Onsite medical services provider to Uber

31 July 2017 | News

Herald Sun transport reporter Andrew Jefferson put himself through our medical test for new Uber drivers at their multi-million dollar facility at Port Melbourne, Victoria.

Here is an extract from his article posted 28 July 2017.

WITH Victoria on the cusp of legalising ride-sharing service Uber, they say signing up to be a driver has never been easier.

But I won’t be picking up passengers any time soon, as neither my car nor I passed Uber’s tests, including a physical examination.

The first step for new recruits is to complete the driver application process and create an Uber account before consenting to background screening, which can take up to 10 days.

Drivers now get the chance to upload some personal details about themselves on the new app, which is designed to create some suggested talking points for passengers. New drivers also undergo an on-site medical.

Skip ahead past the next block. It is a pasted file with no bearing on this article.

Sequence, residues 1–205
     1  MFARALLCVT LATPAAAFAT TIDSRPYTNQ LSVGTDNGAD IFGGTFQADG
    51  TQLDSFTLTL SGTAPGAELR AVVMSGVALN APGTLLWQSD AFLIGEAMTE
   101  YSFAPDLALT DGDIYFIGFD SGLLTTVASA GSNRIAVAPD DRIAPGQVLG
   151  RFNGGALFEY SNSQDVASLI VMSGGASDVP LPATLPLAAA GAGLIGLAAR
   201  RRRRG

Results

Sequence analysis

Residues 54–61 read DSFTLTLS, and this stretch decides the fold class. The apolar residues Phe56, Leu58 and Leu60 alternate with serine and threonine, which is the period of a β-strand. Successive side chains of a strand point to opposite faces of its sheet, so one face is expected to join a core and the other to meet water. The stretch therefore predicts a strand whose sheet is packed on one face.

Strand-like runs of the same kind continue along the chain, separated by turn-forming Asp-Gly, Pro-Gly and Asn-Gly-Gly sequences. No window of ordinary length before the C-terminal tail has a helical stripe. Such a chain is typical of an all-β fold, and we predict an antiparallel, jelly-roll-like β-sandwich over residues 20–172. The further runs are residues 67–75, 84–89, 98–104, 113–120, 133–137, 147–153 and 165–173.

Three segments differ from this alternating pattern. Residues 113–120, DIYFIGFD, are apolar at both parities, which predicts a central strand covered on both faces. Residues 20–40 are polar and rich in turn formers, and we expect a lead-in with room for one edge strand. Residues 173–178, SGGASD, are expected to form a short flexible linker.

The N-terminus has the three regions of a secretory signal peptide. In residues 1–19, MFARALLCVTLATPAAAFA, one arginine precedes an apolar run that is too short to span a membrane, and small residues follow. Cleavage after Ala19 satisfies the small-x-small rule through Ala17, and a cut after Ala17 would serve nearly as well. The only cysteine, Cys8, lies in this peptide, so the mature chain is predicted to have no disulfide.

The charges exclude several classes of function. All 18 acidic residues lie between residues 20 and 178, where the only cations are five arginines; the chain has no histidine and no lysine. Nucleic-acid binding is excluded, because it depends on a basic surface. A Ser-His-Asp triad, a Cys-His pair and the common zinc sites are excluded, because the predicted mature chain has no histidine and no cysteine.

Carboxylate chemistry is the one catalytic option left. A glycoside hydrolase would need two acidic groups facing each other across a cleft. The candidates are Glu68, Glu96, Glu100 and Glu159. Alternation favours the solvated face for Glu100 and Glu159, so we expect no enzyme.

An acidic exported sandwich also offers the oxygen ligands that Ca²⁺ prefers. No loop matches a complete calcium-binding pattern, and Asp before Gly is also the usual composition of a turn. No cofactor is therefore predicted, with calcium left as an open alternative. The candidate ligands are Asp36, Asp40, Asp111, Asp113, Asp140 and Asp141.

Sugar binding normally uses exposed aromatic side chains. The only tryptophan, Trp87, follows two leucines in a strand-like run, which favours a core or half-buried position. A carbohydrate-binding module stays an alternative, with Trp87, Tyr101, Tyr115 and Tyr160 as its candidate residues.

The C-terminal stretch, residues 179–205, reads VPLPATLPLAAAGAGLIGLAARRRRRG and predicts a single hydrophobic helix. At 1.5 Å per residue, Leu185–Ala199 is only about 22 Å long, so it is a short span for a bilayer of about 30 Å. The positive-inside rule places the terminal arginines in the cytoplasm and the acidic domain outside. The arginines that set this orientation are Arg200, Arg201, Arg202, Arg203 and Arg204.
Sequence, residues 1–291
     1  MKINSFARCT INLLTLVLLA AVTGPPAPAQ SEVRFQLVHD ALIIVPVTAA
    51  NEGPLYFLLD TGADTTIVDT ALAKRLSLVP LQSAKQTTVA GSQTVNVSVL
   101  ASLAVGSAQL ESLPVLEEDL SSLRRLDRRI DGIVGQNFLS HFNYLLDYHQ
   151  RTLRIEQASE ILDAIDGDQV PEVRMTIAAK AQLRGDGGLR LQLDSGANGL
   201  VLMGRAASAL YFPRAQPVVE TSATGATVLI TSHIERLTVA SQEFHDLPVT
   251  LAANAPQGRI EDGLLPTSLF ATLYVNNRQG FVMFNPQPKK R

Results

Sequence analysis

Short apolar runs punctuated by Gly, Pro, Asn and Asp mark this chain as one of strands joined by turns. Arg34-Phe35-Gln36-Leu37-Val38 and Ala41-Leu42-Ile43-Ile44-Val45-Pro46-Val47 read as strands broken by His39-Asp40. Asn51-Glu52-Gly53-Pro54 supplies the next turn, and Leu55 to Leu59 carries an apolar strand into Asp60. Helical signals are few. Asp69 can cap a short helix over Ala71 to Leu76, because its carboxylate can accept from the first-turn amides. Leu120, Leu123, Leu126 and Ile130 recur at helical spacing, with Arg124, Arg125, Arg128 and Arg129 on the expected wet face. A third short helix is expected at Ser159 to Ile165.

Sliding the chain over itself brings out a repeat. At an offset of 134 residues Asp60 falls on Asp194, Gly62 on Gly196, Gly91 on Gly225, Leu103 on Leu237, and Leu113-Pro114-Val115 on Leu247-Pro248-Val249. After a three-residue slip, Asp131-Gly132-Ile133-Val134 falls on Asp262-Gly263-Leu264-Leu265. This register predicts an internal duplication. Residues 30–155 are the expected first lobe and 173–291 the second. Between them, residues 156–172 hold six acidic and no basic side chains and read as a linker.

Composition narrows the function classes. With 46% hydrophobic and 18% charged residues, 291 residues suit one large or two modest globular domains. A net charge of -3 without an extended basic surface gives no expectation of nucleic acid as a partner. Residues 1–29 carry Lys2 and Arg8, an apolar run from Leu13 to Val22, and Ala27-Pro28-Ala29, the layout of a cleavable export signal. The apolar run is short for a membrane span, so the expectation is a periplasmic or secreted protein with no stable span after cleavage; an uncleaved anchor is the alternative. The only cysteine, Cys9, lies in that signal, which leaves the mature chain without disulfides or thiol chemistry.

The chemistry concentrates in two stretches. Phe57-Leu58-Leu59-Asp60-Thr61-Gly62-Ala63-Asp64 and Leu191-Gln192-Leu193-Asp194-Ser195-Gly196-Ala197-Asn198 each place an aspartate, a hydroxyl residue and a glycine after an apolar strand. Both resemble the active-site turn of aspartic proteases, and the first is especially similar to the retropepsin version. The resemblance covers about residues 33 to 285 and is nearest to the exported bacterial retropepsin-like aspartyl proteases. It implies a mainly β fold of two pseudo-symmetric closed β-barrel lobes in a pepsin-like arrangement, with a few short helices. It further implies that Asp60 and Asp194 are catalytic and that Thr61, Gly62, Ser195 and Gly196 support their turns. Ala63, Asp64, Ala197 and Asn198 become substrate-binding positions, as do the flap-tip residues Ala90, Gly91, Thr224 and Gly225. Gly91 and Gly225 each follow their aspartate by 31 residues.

After filling in a quick questionnaire, drivers are assessed by a nurse and a doctor to ensure they are fit to drive.

My initial high blood pressure reading subsided on my second test, meaning I was physically fit to drive.

However, my declaration of colour blindness caused slight concern, despite me telling the doctor I could tell the difference between a red and green traffic light.

The doctor, from medical firm Jobfit, wanted me to undergo further testing on my sight before he was comfortable signing me off as Uber’s newest driver.

To read the full article and watch the video, click on the link Want to become an Uber driver? It’s not as easy as you think.

Find out more about our onsite medical services.

Picture: Nicole Garmston

 

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